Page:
"Hello. Sam?"

"Hello! When are you guys getting here?"

"Sam. We missed our train. We are at the wrong train terminus."

"Crap. Can you catch it at the next station?"

"Of course not."


"We'll see. What are the flight options to Jhansi?"

"Not many. Fly from Bombay to Delhi and then take a train from Delhi to Jhansi."

"Alright, we'll figure something out."

We lied about missing our train. Monday 8 pm and we were waiting at Bombay's Dadar terminus for the Punjab Mail to Jhansi. We would arrive in Jhansi on Tue 2.30 pm and leave Jhansi again on Wed 12.30 pm for Bombay. 40 hours in train to be in Jhansi for 22 hours. It had to be a good friend's wedding for this insane a travel plan! Yes, our school-buddy Sam was tying the knot with Shweta.

Jhansi fort, North Indian baraat and the winter wedding

Jhansi surprised us with its cleanliness (for a north Indian town). The cantonment area especially was neat with wide roads and planned spaces. Just 22 hours in the city was no excuse for not seeing the places around. We dropped our bags in the hotel and prompty set out for the Jhansi fort. Harpreet and Bhakti also joined us.

The fort was of Jhansi was built in early 17th century by the rulers of Orchha. 250 years later, it shot into prominence when Laxmi Bai, the Rani of Jhansi fought a no-surrender battle with the Britishers in the mutiny of 1857. The fort has been maintained in good condition. The gardens were watered and pruned; and several falling walls and ramparts were being restored.

We stood at the point on fort ramparts from where Rani Laxmi Bai, along with her infant adopted son, tossed herself from the bulwark on to her horse below. Now which history text book in India has not taught the lesson where Rani Laxmi Bai jumps in desperation? As I child, I always thought it was a heroic plunge. But today, it looked like a safe jump. The drop was about 15 feet; defnitely not more than 20.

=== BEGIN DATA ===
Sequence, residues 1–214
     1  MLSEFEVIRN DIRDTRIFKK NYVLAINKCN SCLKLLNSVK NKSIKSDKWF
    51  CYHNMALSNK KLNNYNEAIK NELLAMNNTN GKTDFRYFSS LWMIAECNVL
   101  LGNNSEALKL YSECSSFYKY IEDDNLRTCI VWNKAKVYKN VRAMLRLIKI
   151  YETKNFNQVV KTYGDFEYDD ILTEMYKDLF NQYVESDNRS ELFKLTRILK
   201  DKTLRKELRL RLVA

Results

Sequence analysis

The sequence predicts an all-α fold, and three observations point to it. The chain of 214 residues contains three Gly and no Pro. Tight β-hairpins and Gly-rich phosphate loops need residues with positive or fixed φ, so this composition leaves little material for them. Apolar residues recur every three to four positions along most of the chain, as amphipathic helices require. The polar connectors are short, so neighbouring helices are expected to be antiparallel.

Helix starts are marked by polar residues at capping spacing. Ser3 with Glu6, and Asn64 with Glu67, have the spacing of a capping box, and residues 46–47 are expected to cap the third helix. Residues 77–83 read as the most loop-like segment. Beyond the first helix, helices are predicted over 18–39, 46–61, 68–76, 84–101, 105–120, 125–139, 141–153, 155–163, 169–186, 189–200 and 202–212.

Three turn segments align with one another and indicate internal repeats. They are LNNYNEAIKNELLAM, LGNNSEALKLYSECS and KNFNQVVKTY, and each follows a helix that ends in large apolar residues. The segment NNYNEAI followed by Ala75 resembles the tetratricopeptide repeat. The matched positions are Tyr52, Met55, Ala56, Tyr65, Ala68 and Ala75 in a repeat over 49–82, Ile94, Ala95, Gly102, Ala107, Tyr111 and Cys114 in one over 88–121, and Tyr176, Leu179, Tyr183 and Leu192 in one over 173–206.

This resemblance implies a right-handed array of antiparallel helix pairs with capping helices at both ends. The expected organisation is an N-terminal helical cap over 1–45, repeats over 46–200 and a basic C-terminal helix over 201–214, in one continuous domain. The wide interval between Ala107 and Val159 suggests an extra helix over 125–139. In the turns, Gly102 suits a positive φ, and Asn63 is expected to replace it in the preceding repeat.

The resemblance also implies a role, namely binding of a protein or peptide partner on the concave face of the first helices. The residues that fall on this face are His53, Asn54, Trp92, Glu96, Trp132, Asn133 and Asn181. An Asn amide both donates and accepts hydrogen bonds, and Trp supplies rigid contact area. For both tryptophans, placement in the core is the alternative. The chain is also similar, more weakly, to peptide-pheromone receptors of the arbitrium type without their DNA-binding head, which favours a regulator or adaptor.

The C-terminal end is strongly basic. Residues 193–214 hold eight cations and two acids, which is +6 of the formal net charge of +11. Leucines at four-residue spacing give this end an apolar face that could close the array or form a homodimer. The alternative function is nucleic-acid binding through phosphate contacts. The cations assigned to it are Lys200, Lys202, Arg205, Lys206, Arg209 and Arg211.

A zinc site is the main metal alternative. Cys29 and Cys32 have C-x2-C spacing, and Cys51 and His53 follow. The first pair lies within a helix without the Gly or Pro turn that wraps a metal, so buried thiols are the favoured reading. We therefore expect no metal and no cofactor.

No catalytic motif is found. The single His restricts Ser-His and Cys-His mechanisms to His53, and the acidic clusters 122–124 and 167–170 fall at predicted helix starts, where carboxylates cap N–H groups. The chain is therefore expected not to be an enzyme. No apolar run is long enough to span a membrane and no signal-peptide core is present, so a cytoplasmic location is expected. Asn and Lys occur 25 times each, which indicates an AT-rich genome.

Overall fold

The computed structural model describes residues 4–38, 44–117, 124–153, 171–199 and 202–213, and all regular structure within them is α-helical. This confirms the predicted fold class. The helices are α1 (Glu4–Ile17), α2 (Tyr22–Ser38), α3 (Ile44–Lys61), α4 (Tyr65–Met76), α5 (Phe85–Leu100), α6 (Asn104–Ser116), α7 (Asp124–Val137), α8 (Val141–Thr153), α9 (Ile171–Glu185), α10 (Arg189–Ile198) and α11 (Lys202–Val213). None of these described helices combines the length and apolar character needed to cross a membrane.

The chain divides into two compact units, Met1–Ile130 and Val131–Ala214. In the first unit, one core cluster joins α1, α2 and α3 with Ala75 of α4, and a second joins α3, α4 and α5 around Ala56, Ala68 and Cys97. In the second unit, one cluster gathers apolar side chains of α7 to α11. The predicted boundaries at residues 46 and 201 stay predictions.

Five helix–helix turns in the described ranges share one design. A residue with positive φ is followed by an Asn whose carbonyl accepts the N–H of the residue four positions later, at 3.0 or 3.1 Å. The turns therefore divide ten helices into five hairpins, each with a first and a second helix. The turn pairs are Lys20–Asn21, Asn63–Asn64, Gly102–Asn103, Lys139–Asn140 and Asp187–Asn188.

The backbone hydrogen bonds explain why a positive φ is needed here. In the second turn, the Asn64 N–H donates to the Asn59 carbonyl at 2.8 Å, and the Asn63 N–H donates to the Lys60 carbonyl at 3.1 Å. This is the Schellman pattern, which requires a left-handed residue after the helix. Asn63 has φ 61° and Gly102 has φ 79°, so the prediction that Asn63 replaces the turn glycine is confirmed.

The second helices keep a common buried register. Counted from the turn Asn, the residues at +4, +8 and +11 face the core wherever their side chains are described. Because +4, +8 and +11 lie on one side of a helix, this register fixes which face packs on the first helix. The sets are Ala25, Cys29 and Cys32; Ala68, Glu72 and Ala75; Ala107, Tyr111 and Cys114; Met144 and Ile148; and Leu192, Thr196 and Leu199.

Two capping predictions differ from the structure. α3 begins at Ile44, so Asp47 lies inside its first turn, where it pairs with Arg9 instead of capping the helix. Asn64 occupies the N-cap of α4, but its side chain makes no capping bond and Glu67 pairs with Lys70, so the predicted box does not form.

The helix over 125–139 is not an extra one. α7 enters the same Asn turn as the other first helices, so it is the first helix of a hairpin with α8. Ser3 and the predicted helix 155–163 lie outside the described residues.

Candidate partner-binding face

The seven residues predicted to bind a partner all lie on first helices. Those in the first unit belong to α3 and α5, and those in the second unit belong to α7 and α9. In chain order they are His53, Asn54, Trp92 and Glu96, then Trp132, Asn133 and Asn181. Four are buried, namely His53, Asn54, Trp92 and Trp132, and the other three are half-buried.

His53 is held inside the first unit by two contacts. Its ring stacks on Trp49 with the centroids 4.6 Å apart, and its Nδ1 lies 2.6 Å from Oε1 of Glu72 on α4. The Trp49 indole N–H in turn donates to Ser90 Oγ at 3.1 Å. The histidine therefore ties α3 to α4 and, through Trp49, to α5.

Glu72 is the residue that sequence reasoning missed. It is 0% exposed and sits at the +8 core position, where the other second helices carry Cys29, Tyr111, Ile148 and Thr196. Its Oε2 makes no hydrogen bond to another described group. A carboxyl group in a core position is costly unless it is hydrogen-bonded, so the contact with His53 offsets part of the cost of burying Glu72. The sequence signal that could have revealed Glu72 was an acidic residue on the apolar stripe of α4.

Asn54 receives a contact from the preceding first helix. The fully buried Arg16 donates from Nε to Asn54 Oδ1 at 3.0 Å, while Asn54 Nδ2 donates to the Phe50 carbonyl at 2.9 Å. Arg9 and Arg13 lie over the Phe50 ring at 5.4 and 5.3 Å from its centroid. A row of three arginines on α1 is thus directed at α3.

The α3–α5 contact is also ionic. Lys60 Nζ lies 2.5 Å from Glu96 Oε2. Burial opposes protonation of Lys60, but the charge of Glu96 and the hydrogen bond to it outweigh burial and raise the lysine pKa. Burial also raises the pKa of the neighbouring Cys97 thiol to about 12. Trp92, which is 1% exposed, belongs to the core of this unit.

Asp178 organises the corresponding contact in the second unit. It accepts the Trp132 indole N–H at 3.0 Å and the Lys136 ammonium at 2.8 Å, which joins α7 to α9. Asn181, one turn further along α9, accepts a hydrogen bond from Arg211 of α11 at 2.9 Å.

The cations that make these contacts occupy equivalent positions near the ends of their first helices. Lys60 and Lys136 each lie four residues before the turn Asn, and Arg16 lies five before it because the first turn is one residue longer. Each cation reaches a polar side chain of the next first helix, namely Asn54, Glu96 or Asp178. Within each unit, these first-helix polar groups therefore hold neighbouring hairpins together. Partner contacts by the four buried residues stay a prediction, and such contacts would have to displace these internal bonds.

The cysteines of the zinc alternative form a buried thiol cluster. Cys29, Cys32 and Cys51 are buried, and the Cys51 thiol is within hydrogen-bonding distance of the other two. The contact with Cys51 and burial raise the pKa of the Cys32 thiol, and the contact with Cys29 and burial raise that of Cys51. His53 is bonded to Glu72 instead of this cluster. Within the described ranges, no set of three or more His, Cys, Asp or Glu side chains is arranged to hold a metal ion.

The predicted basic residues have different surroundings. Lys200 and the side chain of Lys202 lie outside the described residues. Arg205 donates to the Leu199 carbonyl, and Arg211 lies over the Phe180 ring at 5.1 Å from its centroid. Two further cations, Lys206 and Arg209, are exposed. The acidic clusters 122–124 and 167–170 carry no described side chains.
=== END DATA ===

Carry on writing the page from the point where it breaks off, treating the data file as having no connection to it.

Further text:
At the exit of the fort, we met a gentleman with a white beard in his sixties selling 'Dimaag ke Khel' (Mind Games) on a bicycle. He held a bundle of lead wire under his arm, which he twisted to make remarkable puzzles. He spoke chaste Urdu and threw in generous amounts of wit and humour in his sentences. "It would be a small miracle if you are unable to solve this," he assured us.

Later that evening, we had a Bobby ki Baggi pulled by two white-brown horses, a Cacofonix with a keyboard synth, electric petromaxes and lots of military band drummers. There was dance, music, noise, crackers, food and much fun as Sam wedded Shweta.

The Temples of Ram Raja and Chaturbhuj, Betwa river and the incredible architecture of Orchha

Thanks to the persistent Kanupriya, we did an early morning inspite of a 3 am the previous night. Around 9 am, Rahul, Kanupriya and I were driving towards Orchha - 15 km south east of Jhansi.

Established at the turn of 16th century, Orchha was a Bundela kingdom of medieval India that paid its loyalties to the Mughals and later to the British. The line of Rajas (and subsequently Maharajas) at Orchha continued till 1950 when all princely states were acceded into the Indian Union. Orchha, lit. "a hidden place", is a real sleepy town lost to the world in the wilderness of central India; except, perhaps, to the tourists on the Khajuraho trail.

As we rolled into the town, temple spires tore the jungle landscape and extended towards a dusty pale sky. Young morning light caught the melancholic ruins of abondoned palaces and cenotaphs sitting along the banks of Betwa river. Orchha seemed to be living on a life support of religion and tourism.